Descartes Meditations – What are the Main Themes in Meditations on First Philosophy

Rene Descartes was a French Philosopher famous for the Trademark argument and a version of the ontological argument. What were the main themes in the book: Descartes ‘Meditations on First Philosophy?’ The book is written from the perspective of a gender neutral narrator, originally in French. Here is a brief summary of the key ideas in Descartes Meditations.

Descartes Meditations

Descartes Meditations – 1: What can be called into Doubt

In the first of Descartes Meditations, he realises that he cannot verify anything unless it is doubted. His doubt has to begin with doubting himself. Descartes is not arguing that he does not exist, he believes in fact the opposite. But the ‘doubting’ is a philosophical process and doubting himself a stage witin it. By doubting, Descartes can question the very essence of what his opinions are based upon.

Descartes comes to realise that anything that he has come to know through his senses. However, he is not an empiricist (bases things upon sense perception), but a rationalist (based on rational ideas). This is because he argues that the sense decieve us. For example, looking at a round castle tower from a distance, our senses will tell us that it is rectangular, which is incorrect. If we look at people far away, they appear to be tiny, when they are in fact life size.

Descartes goes on to discuss whether we identify a difference in real life and a dreaming state. But even though there is a difference, dreams are influenced by reality. Although we can doubt composite things, we cannot doubt forms such as size, shape and colour.  This skeptical doubt is the crux of the first of Descartes meditations. But it can be argued that this is actually a foundation for the rest of the meditations, and to be used in questioning an omnipotent God and the mind-body problem.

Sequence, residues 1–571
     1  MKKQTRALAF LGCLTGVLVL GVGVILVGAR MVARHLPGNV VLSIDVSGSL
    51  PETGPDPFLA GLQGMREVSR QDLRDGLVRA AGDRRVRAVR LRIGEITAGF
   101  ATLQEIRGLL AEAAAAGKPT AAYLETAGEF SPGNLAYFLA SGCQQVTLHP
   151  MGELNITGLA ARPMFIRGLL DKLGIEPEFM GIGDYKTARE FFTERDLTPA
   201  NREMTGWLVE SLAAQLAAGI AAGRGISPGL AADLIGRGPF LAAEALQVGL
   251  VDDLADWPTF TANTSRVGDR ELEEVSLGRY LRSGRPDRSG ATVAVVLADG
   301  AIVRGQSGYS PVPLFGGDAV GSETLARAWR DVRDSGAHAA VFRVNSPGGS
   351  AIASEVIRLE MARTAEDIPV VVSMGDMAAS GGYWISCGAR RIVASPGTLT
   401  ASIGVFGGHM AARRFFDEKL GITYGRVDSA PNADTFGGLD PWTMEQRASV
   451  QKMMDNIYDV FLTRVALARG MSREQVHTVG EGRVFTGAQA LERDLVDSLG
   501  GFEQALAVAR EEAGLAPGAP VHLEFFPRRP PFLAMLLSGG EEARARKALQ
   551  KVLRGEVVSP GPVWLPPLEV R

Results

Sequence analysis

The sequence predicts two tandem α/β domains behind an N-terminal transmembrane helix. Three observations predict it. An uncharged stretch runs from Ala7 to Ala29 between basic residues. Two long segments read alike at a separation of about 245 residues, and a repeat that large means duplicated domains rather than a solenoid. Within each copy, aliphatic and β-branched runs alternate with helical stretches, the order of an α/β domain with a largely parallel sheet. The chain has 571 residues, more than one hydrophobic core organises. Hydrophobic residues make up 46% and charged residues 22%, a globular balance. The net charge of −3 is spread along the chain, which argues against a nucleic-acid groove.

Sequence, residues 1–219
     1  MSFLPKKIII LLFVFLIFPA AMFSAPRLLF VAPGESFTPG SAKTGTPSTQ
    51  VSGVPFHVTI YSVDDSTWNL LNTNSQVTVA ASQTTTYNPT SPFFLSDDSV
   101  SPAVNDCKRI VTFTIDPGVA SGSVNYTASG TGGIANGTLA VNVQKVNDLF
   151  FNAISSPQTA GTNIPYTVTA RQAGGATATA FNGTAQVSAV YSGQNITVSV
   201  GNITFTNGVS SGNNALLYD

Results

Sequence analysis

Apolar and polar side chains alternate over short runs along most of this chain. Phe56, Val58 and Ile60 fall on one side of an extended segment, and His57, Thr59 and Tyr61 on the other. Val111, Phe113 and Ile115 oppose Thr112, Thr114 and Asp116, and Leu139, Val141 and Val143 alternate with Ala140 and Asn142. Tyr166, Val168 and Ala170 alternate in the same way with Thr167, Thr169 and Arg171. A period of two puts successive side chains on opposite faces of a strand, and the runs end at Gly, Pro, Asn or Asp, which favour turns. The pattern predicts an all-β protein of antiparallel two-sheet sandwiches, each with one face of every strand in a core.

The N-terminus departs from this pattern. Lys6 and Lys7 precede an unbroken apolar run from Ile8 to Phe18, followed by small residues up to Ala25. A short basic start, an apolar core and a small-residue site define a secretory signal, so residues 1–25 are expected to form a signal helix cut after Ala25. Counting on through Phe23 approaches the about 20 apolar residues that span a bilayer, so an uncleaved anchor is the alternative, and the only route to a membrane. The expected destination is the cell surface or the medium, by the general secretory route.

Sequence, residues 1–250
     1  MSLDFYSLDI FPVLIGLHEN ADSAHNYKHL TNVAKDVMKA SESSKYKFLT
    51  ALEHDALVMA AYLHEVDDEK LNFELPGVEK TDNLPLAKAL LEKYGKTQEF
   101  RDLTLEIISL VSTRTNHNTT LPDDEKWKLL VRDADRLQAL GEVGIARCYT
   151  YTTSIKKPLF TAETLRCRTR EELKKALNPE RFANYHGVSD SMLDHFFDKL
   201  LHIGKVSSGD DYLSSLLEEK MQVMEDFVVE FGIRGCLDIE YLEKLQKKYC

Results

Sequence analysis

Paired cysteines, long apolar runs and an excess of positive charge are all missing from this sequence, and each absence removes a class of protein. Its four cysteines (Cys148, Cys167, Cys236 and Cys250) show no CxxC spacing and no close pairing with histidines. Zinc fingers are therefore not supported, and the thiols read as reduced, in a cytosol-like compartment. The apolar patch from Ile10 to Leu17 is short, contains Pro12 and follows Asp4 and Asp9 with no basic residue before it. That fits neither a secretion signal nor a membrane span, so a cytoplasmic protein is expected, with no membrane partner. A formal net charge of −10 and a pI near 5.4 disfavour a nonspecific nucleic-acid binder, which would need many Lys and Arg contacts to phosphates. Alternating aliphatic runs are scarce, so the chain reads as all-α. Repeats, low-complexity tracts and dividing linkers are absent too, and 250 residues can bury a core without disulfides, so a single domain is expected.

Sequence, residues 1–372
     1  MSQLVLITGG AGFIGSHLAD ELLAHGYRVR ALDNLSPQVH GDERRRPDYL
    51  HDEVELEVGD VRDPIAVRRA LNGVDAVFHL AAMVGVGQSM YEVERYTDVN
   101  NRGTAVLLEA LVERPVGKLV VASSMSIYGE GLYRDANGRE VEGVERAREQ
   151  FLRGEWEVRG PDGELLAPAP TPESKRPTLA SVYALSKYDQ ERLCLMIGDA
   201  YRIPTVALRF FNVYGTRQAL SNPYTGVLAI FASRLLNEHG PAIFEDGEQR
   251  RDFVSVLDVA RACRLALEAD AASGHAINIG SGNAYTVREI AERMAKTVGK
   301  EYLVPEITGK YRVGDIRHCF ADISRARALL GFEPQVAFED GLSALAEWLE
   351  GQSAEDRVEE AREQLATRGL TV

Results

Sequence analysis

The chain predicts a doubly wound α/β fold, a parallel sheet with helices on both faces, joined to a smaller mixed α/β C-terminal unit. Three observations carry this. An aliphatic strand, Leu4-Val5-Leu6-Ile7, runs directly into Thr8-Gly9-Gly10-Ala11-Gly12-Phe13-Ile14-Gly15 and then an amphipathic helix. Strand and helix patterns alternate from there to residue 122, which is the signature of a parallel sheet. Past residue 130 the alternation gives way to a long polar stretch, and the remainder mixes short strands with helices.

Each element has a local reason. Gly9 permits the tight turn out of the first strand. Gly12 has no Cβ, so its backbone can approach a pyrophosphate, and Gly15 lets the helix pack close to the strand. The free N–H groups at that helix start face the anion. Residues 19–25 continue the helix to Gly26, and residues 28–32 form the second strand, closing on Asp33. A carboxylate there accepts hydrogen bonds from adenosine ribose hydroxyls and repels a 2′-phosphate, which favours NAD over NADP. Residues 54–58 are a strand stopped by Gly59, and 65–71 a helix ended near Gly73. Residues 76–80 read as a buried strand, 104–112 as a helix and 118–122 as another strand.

Descartes Meditations 2: Cogito Ergo Sum

The key aspect of Descartes Meditation is ‘Cogito Ergo Sum’ – ‘I think, therefore I am’.  Following on from the first Meditation, Descartes realises that he cannot question his own existence because he is a ‘thinking thing.’ Even if he doubts the senses and the body, he cannot doubt himself because if his thoughts. Descartes goes on to ask ‘What is this ‘I’ that exists?’ Thought, above all else, is what is inseparable from being. Even if we were to be deceived by an evil demon as to what we see and hear, if the thoughts are still there, we would still exist.

Descartes goes on to explain the ‘wax experiment’ to overcome the problem of ideas conjured up by the imagination. If we see wax in its initial hardened beeswax form, it has certain properties – it is hard and yellow in colour. When wax melts, it becomes runny and a different colour. Yet it’s original qualities of malleability and flexibility remain. Therefore, what we learn about the wax cannot come from the sense alone, but require intellect.

Intellect is essential. If we were to look out of a window on a cold day, and see people so covered up by hats and scarves that we could not see their faces, we would not presume that they were robots or automatons. We would use our intellect to understand that there were people beneath the hats and scarves. Sense perception alone is not enough for us to learn about the world.  The existence of mind is better known than the existence of the body.